EVERY TRADE unionist should be asking questions about what is happening inside the TUC. While some newspapers denounce the "politically motivated union men" behind the rail strikes, we can show who the real plotters were.
TRANSPORT IS the number one political issue in Britain. For the whole of last year it registered at the top of people's concerns in opinion polls. Now the crisis has blown up in New Labour's face. It has taken industrial action by rail workers to force the government to take notice of the bitterness of millions of people as they struggle to complete even short journeys. Tony Blair's response last week was to attack striking rail workers. But transport was in chaos long before the recent strikes. The biggest reason is that successive governments have spent so little on the basic infrastructure. Spending on transport as a share of national wealth has halved in the last 20 years. In its f
"Street Crime Is So Bad I Fear For My Children". This was the sensationalist front page headline of the Daily Express last Wednesday. The words were from John Denham, New Labour's crime reduction minister. Other alarming headlines screamed "Huge Surge In Mobile Phone Thefts", "The Gangs We Can't Do Anything About" and "Black Youth Carry Out Most Street Robberies".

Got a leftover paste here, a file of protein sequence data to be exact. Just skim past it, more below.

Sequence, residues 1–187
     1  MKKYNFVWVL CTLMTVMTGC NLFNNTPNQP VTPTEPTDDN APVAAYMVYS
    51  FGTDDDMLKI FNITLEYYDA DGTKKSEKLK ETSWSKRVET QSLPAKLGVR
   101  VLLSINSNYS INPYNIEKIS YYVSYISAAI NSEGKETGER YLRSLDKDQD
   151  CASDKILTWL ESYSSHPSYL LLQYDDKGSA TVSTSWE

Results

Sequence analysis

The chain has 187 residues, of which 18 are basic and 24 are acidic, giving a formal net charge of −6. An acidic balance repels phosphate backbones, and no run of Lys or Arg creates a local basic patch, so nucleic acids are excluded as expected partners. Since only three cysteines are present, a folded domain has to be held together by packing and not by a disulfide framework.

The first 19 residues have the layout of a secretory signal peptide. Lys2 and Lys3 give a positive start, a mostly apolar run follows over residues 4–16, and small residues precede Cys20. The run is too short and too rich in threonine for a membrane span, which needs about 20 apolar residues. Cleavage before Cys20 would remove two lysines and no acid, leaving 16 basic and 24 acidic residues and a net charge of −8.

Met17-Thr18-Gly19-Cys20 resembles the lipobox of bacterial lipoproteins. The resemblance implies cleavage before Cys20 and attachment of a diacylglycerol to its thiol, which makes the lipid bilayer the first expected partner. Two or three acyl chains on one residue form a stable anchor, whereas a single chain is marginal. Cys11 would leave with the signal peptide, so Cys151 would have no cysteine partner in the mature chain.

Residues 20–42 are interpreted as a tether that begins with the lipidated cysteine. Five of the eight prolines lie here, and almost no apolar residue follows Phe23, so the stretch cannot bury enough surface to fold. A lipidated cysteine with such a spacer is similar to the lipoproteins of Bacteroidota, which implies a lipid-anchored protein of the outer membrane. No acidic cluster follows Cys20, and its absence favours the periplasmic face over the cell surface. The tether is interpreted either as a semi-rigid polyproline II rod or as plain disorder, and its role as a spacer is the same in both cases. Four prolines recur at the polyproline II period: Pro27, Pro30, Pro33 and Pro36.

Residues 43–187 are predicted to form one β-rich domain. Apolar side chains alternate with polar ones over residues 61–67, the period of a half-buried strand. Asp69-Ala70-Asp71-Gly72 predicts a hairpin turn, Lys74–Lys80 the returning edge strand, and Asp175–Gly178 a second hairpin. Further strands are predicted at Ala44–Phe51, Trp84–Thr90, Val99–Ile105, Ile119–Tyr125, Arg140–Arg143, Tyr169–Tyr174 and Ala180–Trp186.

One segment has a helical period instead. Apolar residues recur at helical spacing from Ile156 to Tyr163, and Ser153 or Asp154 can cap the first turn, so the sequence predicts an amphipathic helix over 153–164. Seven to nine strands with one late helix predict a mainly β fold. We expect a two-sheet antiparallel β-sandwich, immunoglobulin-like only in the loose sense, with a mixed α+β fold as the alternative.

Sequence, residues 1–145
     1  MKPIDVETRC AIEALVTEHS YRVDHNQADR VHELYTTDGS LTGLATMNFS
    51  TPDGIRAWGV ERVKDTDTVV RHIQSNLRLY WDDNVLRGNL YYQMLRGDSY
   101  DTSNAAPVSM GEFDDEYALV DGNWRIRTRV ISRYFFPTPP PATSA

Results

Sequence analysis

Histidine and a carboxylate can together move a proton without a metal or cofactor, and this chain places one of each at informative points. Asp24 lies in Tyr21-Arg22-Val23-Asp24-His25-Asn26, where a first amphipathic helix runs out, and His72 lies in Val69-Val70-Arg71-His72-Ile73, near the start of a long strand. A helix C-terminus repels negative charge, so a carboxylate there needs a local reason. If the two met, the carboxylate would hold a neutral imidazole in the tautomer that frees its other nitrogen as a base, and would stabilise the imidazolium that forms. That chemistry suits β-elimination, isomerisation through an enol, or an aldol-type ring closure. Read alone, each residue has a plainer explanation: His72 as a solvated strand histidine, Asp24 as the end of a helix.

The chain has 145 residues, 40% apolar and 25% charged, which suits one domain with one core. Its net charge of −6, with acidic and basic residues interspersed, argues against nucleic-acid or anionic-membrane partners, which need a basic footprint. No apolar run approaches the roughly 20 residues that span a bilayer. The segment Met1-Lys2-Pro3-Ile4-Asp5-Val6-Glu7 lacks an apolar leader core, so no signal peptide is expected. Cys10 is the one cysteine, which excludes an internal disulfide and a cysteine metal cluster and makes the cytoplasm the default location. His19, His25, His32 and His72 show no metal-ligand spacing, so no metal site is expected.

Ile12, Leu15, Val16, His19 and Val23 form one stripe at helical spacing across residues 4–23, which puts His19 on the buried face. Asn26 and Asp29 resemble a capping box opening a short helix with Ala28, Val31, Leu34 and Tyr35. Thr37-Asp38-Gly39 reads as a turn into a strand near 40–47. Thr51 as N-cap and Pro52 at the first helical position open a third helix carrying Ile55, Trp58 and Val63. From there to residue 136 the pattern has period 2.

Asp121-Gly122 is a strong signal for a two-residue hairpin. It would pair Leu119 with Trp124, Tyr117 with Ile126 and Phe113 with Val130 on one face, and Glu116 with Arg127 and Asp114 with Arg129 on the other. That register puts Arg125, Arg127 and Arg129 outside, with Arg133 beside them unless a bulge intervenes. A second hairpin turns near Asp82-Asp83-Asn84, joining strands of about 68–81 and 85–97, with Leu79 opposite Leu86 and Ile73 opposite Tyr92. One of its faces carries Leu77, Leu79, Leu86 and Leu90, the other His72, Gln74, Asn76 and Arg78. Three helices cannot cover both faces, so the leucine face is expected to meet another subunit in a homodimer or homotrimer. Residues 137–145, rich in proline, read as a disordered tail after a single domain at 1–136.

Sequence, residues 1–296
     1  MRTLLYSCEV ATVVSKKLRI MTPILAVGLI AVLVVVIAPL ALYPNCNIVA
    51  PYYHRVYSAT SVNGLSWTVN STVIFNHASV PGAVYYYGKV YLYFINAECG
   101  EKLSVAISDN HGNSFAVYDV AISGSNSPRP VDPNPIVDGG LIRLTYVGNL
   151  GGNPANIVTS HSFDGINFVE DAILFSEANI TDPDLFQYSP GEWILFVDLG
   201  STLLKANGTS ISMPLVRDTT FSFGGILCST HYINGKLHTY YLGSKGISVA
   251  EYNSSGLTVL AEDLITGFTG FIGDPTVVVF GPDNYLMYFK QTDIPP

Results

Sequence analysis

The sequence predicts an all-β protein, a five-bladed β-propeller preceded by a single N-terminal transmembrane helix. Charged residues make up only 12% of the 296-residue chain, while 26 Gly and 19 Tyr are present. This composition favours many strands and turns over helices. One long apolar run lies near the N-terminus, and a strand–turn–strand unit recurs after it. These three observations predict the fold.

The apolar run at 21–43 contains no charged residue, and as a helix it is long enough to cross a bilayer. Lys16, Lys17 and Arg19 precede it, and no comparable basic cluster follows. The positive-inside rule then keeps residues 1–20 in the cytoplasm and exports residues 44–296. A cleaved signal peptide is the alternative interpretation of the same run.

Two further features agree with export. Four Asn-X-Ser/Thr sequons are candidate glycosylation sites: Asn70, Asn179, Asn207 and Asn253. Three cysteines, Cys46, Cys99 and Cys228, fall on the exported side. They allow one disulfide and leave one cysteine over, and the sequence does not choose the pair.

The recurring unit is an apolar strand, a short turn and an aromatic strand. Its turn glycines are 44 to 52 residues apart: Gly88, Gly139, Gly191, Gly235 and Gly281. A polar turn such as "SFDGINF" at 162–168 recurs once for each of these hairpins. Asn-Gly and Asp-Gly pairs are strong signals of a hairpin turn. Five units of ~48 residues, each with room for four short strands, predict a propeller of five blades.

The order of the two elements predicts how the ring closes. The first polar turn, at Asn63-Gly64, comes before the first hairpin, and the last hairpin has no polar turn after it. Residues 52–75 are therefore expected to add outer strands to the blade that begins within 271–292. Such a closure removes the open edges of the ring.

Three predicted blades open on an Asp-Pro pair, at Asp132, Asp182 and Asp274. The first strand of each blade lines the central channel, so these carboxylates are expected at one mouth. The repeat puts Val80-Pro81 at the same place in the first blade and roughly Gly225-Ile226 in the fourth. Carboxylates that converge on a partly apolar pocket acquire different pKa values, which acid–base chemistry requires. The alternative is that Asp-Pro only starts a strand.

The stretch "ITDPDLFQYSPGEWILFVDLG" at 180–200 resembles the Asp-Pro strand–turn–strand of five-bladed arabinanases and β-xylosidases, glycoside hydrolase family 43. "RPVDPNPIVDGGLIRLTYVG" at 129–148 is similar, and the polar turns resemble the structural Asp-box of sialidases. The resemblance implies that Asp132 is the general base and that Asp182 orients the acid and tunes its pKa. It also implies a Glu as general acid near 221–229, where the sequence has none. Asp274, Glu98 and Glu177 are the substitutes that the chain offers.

DO YOU think there's going to be a Winter of Discontent?
I THINK there is a real possibility. Before the attacks in New York on 11 September we saw a rising mood of bitterness in the trade unions over privatisation, and discussions about breaking the link between the unions and New Labour. That was beheaded on 11 September. When the TUC conference was called off, so was the debate over privatisation. Blair got away scot free.
BLINDFOLDED, hooded and manacled-that's how Afghan prisoners have arrived at the US military base on Guantanamo Bay. The Taliban and Al Qaida suspects were dragged stumbling and terrified from a cargo plane. Some had been diagnosed with TB. Others were drugged. Some had their beards forcibly shaved off. They were not allowed to use toilets during the 27-hour flight from Kandahar.
TWO ISRAELI bulldozers rolled into the Palestinian refugee camp in Rafah in the Gaza Strip on Thursday of last week. Guarded by Israeli soldiers, they crushed the homes of 112 families, leaving over 600 people homeless, around half of them children. The Israelis also tore up the runway of Gaza airport.
transport chaos bosses attack union action scares companies and labour
THE UPRISING in Argentina shows that revolution is still possible in the modern world. It has shown mass action from below can topple governments and inflict a defeat on big business policies.
THE PEOPLE who did not vote at the general election last year are not apathetic. They are angry about the present state of the parties and many of them are disillusioned about the entire political set up.
THE EARLY 1970s were years of working class militancy and resistance. The recently released cabinet papers from 1971 show how top government meetings were constantly concerned with what was happening on the industrial scene. They reveal that strikes played a key role in determining government policy. The Tory government and prime minister Ted Heath began with a clear strategy - to shift a greater economic burden onto the working class. They wanted to cut public spending.